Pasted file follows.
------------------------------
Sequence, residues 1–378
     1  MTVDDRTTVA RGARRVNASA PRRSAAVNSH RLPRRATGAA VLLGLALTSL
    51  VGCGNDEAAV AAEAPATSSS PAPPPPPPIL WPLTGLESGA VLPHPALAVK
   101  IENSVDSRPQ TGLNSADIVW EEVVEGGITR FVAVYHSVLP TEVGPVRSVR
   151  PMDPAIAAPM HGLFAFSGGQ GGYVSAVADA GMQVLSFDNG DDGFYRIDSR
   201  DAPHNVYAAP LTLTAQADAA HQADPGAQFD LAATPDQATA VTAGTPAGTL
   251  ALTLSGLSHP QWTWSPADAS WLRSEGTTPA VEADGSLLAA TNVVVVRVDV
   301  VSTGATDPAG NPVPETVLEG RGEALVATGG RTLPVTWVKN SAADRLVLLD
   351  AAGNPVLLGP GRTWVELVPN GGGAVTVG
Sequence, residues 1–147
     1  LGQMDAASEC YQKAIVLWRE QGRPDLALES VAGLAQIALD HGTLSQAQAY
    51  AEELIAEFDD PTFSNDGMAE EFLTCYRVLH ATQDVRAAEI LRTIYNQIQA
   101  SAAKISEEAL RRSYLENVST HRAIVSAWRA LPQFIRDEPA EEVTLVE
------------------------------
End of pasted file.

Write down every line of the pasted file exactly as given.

Sequence, residues 1–378
     1  MTVDDRTTVA RGARRVNASA PRRSAAVNSH RLPRRATGAA VLLGLALTSL
    51  VGCGNDEAAV AAEAPATSSS PAPPPPPPIL WPLTGLESGA VLPHPALAVK
   101  IENSVDSRPQ TGLNSADIVW EEVVEGGITR FVAVYHSVLP TEVGPVRSVR
   151  PMDPAIAAPM HGLFAFSGGQ GGYVSAVADA GMQVLSFDNG DDGFYRIDSR
   201  DAPHNVYAAP LTLTAQADAA HQADPGAQFD LAATPDQATA VTAGTPAGTL
   251  ALTLSGLSHP QWTWSPADAS WLRSEGTTPA VEADGSLLAA TNVVVVRVDV
   301  VSTGATDPAG NPVPETVLEG RGEALVATGG RTLPVTWVKN SAADRLVLLD
   351  AAGNPVLLGP GRTWVELVPN GGGAVTVG
Sequence, residues 1–147
     1  LGQMDAASEC YQKAIVLWRE QGRPDLALES VAGLAQIALD HGTLSQAQAY
    51  AEELIAEFDD PTFSNDGMAE EFLTCYRVLH ATQDVRAAEI LRTIYNQIQA
   101  SAAKISEEAL RRSYLENVST HRAIVSAWRA LPQFIRDEPA EEVTLVE